Climate Resilient Communities

Community Development Agency

Why Resilient Communities?

Community brings us together and can provide support in good and bad times. Some communities are already experiencing the impacts of climate change - increased flooding during storm events, higher temperatures, and poor air quality. By strengthening our connections with each other, we can identify ways to become resilient to climate change. Resilience can mean different things to different communities and may include community gathering spaces, harnessing the sun for energy, storing that energy in a battery so it can be used when the power goes out, and even community gardens.

What Can You Do?

Start a Resilient Neighborhoods Team With Your Community or Business

Our small daily decisions have impacts on our community. Resilient Neighborhoods gives you the information you need to make positive choices. Understand the local and regional risks of sea level rise and climate change. Visit the Adapting to Rising Tides Bay Shoreline Flood Explorer. The Explorer contains locally-relevant online maps and tools to help understand, visualize, and anticipate vulnerabilities to sea level rise and storms.

Community Resilience Hubs

Consider if a Resilience Hub could increase your community’s resilience to climate change. Resilience Hubs serve the community by distributing resources, serving as gathering spaces, coordinating communication, and reducing greenhouse gas (GHG) emissions). Each hub is different and should be designed by and for the community where it is located. If you are interested in developing a hub, contact Drawdown: Marin.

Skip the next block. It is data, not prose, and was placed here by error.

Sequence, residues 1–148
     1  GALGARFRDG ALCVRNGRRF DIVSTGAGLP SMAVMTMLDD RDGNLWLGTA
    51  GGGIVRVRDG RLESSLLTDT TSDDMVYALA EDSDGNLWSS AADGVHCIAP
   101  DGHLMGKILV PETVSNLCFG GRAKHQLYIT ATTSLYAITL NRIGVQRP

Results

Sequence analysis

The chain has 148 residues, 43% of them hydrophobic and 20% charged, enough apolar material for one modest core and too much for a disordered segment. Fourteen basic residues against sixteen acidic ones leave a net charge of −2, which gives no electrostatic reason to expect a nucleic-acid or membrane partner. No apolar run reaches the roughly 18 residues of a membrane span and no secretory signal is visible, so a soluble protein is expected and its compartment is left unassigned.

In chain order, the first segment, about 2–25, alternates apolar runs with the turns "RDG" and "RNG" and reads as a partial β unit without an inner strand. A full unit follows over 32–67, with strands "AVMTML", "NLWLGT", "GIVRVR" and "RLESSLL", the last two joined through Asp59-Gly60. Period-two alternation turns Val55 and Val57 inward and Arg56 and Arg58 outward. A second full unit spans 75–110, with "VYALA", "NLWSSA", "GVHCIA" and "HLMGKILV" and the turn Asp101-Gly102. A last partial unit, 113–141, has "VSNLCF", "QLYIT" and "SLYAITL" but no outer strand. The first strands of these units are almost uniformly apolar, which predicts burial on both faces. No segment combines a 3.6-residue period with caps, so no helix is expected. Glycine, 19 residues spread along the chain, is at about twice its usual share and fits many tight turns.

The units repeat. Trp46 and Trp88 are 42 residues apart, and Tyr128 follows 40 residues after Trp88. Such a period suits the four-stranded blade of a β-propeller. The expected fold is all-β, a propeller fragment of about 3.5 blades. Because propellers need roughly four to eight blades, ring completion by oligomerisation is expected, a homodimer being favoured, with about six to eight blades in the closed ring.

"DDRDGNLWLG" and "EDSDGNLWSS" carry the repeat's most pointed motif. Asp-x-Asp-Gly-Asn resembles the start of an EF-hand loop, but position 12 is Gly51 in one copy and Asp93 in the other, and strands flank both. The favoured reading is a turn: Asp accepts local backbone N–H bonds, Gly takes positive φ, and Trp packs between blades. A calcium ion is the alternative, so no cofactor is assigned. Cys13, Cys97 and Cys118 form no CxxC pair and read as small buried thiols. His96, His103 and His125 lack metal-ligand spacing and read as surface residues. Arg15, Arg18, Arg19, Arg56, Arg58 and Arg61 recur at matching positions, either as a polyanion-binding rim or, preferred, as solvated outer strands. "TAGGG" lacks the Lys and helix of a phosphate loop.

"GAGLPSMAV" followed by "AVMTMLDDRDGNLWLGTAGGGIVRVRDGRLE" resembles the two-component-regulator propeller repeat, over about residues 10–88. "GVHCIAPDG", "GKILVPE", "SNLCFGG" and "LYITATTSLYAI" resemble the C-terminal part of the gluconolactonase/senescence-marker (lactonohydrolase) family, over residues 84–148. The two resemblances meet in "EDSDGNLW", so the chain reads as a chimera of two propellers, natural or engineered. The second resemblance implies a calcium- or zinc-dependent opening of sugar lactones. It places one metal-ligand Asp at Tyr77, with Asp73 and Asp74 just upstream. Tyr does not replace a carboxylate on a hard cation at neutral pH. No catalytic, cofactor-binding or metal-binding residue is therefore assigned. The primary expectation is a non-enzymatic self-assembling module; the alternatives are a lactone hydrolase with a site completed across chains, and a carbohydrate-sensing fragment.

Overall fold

Get to Know Your Neighbors

Building relationships with your neighbors is powerful. Mutual aid is the most efficient, flexible, and strong foundation for providing assistance to many people in times of emergency.

Stay up to date and join your neighborhood's Nextdoor group and join or create a Resilient Neighborhoods team.

Ensure That Homes Have Adequate Defensible Space to Reduce Wildfire Risk

Defensible space is the buffer you create between a building on your property and the grass, trees, shrubs, or any willdland areas that surround it. Make sure to remove combustible outdoor furniture, clean fallen leaves, and remove tree limbs from near your home. You can learn more about how to create a safer home at FireSafeMarin and the Marin Wildfire Prevention Authority. You may qualify for financial assistance to reduce fire risk at your home.

What is the County Doing?

Assessing Sea Level Rise + Adapting

The County has completed sea level rise assessments for the Bay and Coastal sides of the County and better understands the expected flooding impacts now and in the future. The BayWAVE and C-SMART projects identify opportunities to adapt to sea level rise and localized flooding informed by technical experts and community members. Visit the Marin Sea Level Rise website to learn more!

Game of Floods

Game of Floods is fun! Players review different sea level rise scenarios and choose the assets they want to protect, decide which strategies they are willing to implement, and assess the environmental and financial impacts of those strategies. Several community groups and 160 students at various schools have played the game. Visit Game of Floods to learn how you can play!